General Crook is leading the Big Horn and Yellowstone Expedition, which consists of some 990 cavalry and mule-mounted infantry, 250 friendly Indians, 36 packers and Montana miners, and six journalists. Crook’s chief scout is Frank Grouard. The wretch Calamity Jane was left behind at Goose Creek.
The soldiers are resting when they start to hear firing from the bluffs to the north, where Crow and Shoshone scouts are positioned. The troops at first assume the friendly Indians are shooting buffalo (the day before the scouts jumped a buffalo herd and started firing, disobeying Crook’s orders to abstain from making such a ruckus). As the firing increased, Crows rush through the camp shouting, “Heap Sioux! Heap Sioux!” Heavily outnumbered, the Crows and Shoshones fall back towards Crook’s main assembly.
Reacting to the opening salvos, Crook directs his forces to seize the high ground to the north and south of Rosebud Creek. He orders Capt. Frederick Van Vliet of the Third Cavalry to take the high bluffs south of the creek to guard against an Indian attack from that direction. The general then commands Maj. Alex Chambers and Capt. Henry E. Noyes to form a dismounted skirmish line and advance towards the attackers.
Crook orders Capt. Anson Mills and his Third Cavalry to charge the Lakotas. Mills’s charge effectively unnerves the Indians in that sector and they withdraw to the next ridge line. Mills re-forms his troops and leads another charge, driving the Indians farther north. Poised to attack again, Mills receives orders from Crook to cease his advance and assume a defensive position.
Chambers and Noyes, meanwhile, soon join Crook as he advances up the Camel-Back Ridge and establishes his headquarters. From there he sends three infantry companies to a prominence even farther west, and then considers his next move.
After initially falling back, the Lakotas and Cheyennes keep up long distance firing and small parties engage in hit-and-run tactics. Crook, ever anxious to strike the Indian village, orders Mills and Noyes to swing eastward to the Big Bend and follow the Rosebud north to find the village, which in nearness, Crook believes, is causing the Indians to be so tenacious about holding their ground.
While Mills and Noyes are making their way down the Rosebud, Lt. Col. William Royall and five companies of cavalry advance on warriors along Kollmar Creek, a small dry Rosebud tributary. When Crook sees the danger of Royall’s advance he sends orders for Royall to withdraw to Crook’s Hill. Royall at first sends only one company, while the rest of his men remain fully engaged. For a second time Crook orders Royall to withdraw and when he about-faces all hell breaks loose. Eventually Crow and Shoshone scouts show up and drive the Lakotas and Cheyennes back. Crook also details two infantry companies to occupy a nearby hill to aid Royall. The friendly scouts and those long-range infantry rifles probably saved Royall’s command from complete destruction.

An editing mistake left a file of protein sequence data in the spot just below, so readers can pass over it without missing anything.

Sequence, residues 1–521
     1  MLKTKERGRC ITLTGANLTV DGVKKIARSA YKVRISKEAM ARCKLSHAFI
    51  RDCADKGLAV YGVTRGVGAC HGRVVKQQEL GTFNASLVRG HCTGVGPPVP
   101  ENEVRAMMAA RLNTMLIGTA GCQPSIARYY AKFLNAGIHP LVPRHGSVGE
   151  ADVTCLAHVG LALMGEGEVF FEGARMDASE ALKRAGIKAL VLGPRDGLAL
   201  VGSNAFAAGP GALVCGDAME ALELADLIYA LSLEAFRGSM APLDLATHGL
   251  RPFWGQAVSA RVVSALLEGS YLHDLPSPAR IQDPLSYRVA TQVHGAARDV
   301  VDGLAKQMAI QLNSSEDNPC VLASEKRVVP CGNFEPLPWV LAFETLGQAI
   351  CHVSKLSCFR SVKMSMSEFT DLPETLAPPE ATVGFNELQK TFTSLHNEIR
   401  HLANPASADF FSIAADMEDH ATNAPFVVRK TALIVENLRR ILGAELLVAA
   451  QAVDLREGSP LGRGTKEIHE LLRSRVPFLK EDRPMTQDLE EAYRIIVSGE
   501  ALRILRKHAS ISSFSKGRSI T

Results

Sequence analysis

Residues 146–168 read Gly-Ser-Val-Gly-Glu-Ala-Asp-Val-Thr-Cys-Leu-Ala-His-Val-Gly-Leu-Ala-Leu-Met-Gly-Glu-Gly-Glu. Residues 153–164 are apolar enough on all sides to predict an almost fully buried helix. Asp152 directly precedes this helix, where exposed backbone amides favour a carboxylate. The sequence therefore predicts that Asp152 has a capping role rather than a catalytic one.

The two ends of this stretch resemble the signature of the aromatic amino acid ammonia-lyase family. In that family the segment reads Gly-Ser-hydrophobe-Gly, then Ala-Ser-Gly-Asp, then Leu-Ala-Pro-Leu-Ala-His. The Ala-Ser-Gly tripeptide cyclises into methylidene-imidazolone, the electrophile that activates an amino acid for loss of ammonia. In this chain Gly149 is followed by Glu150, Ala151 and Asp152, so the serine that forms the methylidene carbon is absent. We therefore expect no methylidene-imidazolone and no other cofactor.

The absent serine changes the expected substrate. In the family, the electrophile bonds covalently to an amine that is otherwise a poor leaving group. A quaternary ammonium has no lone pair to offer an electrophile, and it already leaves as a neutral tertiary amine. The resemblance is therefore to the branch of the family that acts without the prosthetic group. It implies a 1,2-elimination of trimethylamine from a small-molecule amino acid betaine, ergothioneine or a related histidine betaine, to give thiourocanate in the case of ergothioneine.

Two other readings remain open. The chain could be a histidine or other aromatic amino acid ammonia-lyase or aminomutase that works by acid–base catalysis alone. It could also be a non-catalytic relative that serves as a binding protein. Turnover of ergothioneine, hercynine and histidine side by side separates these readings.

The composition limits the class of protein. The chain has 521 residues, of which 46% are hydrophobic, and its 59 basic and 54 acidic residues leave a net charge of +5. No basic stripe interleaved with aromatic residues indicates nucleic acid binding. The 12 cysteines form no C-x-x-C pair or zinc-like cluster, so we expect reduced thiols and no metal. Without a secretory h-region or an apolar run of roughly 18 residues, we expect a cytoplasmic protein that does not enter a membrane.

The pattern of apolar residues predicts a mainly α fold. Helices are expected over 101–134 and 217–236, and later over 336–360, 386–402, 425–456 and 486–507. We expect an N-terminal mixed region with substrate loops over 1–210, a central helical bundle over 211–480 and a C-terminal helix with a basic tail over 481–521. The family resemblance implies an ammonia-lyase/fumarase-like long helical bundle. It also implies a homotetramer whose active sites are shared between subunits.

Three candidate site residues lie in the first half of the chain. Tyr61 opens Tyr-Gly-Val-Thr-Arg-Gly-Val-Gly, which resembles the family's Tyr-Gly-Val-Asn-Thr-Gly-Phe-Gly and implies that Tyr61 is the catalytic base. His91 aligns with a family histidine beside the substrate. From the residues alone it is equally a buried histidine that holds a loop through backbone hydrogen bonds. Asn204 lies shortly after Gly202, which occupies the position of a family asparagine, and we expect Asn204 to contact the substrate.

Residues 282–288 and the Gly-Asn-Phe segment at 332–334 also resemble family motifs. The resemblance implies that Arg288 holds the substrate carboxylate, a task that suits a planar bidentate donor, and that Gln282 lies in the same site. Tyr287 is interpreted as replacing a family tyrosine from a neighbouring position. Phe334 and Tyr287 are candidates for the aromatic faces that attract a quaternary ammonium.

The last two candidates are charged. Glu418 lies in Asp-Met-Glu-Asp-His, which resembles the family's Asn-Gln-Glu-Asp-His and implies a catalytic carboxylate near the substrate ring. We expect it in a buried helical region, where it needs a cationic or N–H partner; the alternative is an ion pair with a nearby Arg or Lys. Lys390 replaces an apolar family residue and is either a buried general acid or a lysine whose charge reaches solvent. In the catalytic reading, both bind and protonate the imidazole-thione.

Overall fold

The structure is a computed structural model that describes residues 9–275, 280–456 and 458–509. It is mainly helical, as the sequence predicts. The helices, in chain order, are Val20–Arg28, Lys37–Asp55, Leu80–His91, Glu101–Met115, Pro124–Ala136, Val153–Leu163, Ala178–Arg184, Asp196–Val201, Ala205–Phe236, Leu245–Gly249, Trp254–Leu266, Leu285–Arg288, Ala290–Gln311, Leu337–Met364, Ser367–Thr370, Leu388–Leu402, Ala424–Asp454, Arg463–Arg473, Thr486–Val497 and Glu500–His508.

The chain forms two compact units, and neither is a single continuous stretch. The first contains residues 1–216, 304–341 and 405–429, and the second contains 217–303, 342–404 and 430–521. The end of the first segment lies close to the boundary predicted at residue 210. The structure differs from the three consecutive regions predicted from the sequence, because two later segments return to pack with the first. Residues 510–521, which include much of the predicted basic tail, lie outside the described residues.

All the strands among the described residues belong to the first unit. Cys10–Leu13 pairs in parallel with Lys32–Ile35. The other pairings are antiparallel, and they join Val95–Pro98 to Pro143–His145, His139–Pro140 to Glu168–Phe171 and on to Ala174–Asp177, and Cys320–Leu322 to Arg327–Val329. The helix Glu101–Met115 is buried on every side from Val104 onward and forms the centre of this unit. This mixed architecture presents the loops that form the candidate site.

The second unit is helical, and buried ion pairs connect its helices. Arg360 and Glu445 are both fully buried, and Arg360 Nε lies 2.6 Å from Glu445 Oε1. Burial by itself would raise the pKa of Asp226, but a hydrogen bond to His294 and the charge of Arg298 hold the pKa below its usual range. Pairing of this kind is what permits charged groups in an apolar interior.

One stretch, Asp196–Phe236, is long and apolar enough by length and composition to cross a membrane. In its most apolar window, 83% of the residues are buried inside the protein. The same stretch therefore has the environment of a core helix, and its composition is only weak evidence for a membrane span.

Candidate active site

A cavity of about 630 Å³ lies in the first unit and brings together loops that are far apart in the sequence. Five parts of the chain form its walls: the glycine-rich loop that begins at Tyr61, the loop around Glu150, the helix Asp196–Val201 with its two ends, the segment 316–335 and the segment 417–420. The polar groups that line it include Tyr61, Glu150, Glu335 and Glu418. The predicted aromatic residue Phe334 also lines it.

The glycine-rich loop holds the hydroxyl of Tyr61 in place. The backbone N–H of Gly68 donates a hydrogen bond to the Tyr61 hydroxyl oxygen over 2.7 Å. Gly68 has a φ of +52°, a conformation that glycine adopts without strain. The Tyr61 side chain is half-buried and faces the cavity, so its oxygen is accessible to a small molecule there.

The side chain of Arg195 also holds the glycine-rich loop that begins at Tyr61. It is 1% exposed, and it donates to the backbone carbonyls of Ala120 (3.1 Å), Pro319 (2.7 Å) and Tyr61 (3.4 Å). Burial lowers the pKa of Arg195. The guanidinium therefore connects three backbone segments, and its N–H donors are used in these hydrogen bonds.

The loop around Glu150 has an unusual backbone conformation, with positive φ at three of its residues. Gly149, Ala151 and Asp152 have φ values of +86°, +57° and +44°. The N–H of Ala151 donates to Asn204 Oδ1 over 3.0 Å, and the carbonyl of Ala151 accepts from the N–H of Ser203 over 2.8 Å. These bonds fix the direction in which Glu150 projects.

In the early afternoon Royall finally completes his withdrawal. Fearing utter calamity, Crook also withdraws Mills and Noyes from their advance on the village, and when those troops return to the field the Sioux and Cheyenne break off their fight and return to Reno Creek. It’s mid-afternoon and the Battle of the Rosebud is over.
On The Trail With Crook
Historian and author Paul Hedren makes the point that Rosebud “may well be the largest Indian battle ever fought in the American West.” The physical scale of the fight is colossal with three different clashes taking place across a battlefield that was miles wide and miles long.
The Rosebud battlefield is perhaps unique because Crook had with him five full-time newsmen and a full-time illustrator in the field and at the battle.
On June 14, 175 Crow and 86 Shoshoni show up with Frank Grouard. Two days later, on June 16, Crook leaves the wagons and pack train behind with most of the cilivians and advances northward across the Tongue River to seek and engage the Lakota and Cheyenne warriors. The element of surprise was destroyed when the Crow and Shoshoni scouts jumped a buffalo herd and shot many of them. An Indian force of close to 1,000 Indians rides all night and comes into contact with Crook’s scouts at 8:30 a.m. on June 17.
By the standards of Indian warfare, the Battle of the Rosebud was a long and bloody engagement. The Lakota and Cheyenne fought with persistence and demonstrated a willingness to accept casualties rather than break off the encounter. The delaying action by Crook’s Indian allies during the early stages of the battle saved his command from a devastating surprise attack. The intervention of the Crow and Shoshone scouts throughout the battle was crucial to averting disaster for Crook.
Aftermath: Odds & Ends
The Indian force, led by Crazy Horse and Sitting Bull, numbered 750 to 800 mounted warriors and it is safe to say they were armed to the teeth with modern weapons. Casualties on both sides were relatively light with Crook claiming he lost 10 killed and 21 wounded. However his aid Lt. John Bourke reported that four of the wounds were mortal and he gave total casualties as 57. Crazy Horse later said that the Lakota and Cheyenne casualties were 36 killed and 63 wounded.
Crook’s bruised command returned to Goose Creek on June 21, carrying their wounded on travois. The wounded were then taken to Fort Fetterman for treatment. His Crow and Shoshone scouts left the command but promised to return.
On June 22, Crook, Capt. Frederick Van Vliet, Capt. Andy Burt and others went on a hunting and fishing trip.
Eight days after the Rosebud battle, Custer, commanding eight companies of the Seventh Cavalry, strikes Sitting Bull’s village on the Little Big Horn and is wiped out. From that moment on, Crook’s actions have been questioned; he should have done more.
Recommended Rosebud June 17, 1876: Prelude to the Little Big Horn by Paul L. Hedren, published by University of Oklahoma Press.